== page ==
Dolly Destroys Texas Cotton, Sorghum Crops

July 24, 2008 1:48:08 PM PDT
Hurricane Dolly probably doomed South Texas's cotton and sorghum crops already damaged by heavy rains earlier in the summer. But analysts said the loss, while devastating for local producers, will have only a short-term effect on the markets. Nonetheless, "it doesn't look good" for either crop, Texas AgriLife Extension agent Rod Santa Ana said Thursday.

About 92,000 acres of cotton in the region was awaiting harvest until driving rains and high winds stained the cotton and drove the bolls to the ground, where harvest becomes useless. Even if the bolls had remained on the plants, the resulting cotton cloth's quality would have been severely diminished.

No firm figures will be available on the damage until after Dolly passes and cotton producers are able to get back in their fields.

Santa Ana said 170,000 acres of sorghum had already slipped a grade - bringing producers fewer dollar per hundred weight - from rains earlier this month. Farmers were still deciding whether to harvest it at all, when Dolly hit and answered the question for them. It no longer makes financial sense to bring in the damaged plants.

Sorghum is used to feed cattle and poultry in Mexico. Prices of cattle and poultry feed already are soaring as a result of rising corn prices. The recent floods in the Midwest engulfed an estimated 2 million or more acres of corn and soybean fields, and U.S. production of ethanol, an alternative fuel that can be made with corn, also has driven prices higher.

Once fields dry, insurance adjusters will survey sorghum producers' losses.

The loss of cotton acres to Dolly amount to about two-tenths of 1 percent of the world's cotton supply for the year, so it won't affect markets in the long run, analysts said.

Texas, the nation's leader in cotton production, planted 4.8 million acres, more than half the country's 9.24 million acres.

But "a loss of that amount is very serious to the producer that lost it because it's 100 percent of their cotton for the year," said Roger Haldenby, spokesman for the Plains Cotton Growers, which serves 41 Texas counties in the world's largest contiguous growing patch.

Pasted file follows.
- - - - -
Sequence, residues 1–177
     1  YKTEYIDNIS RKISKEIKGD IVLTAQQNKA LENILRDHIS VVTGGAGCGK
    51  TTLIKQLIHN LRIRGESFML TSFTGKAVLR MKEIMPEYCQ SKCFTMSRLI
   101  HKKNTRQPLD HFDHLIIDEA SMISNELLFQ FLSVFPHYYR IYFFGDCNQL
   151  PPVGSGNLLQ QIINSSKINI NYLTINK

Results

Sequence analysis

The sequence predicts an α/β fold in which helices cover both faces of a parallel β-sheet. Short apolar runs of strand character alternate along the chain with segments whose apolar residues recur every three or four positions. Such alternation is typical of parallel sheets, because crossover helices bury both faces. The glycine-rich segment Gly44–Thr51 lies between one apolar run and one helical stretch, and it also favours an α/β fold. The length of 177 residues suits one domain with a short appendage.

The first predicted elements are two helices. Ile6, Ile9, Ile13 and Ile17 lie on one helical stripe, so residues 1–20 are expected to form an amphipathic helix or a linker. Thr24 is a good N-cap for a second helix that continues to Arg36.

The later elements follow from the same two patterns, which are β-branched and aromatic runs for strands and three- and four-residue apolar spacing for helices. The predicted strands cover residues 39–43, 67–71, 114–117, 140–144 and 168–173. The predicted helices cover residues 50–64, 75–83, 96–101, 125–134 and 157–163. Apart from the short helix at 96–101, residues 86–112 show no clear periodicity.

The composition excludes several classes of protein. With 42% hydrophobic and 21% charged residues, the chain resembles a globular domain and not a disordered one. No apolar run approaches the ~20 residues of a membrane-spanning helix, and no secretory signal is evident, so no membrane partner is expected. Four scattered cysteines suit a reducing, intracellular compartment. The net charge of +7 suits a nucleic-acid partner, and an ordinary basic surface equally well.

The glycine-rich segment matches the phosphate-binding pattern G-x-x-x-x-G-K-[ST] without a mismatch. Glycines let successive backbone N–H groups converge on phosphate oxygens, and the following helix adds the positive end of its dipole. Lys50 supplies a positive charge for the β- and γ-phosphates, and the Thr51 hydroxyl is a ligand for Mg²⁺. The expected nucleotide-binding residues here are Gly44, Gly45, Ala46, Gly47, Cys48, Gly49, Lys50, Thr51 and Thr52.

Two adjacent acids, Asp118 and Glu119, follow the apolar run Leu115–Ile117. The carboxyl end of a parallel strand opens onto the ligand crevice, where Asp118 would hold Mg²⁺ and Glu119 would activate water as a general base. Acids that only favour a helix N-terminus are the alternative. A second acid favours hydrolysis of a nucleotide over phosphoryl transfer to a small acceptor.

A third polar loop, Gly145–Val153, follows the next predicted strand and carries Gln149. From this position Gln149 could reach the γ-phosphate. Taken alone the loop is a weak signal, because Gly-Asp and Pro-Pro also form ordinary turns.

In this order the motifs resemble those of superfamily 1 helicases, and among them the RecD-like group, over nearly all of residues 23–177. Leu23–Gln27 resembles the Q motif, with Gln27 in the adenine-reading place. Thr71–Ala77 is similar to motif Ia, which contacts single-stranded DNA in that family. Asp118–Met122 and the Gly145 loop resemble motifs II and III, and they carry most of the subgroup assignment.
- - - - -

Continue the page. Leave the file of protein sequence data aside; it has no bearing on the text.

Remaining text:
The losses could affect futures market but only in the short term, said Mike Stevens of Swiss Financial Services, Inc. The price could tighten the difference for October contracts, now trading at roughly 71 cents per pound, and December contracts, which rose 0.94 cent on Thursday to close at 73.86 cents a pound on the ICE Futures US exchange.

Still, cotton futures have fallen 25 percent from their March high, driven lower by weather-induced declines in corn, wheat and soybeans, which tend to influence cotton futures and other agriculture products.

Don't expect to see the price of cotton clothing rise, Haldenby said.

"I don't see that it would affect the cost of Levi's or Hanes undershirts whatsoever," he said.

The U.S. supply of cotton from this year's crop "is still up in the air and mostly because of West Texas," Stevens said. Severe drought and gusty winds there damaged irrigated and dryland plants in June.

"It's such a mishmash that I don't think anyone is going to have a good handle on it," until September's crop report from the U.S. Department of Agriculture.

The U.S., which exports far more than it consumes, still has about 10 million carryover bales from last year's crop. Demand for U.S. cotton is "very fragile" because of the economic situation as questions of "whether we're really in recession" linger, Stevens said.

India, where the monsoon season isn't coming on as producers there had hoped, is the U.S.'s largest cotton competitor and is working to make inroads to sell more cotton to China than American producers.

A short crop in India could bode well for U.S. producers as supplies would tighten, said John Robinson, an associate professor of agricultural economics at Texas A&M University, said.

"If they come up short that could really make things volatile on the upside for prices to producers," he said.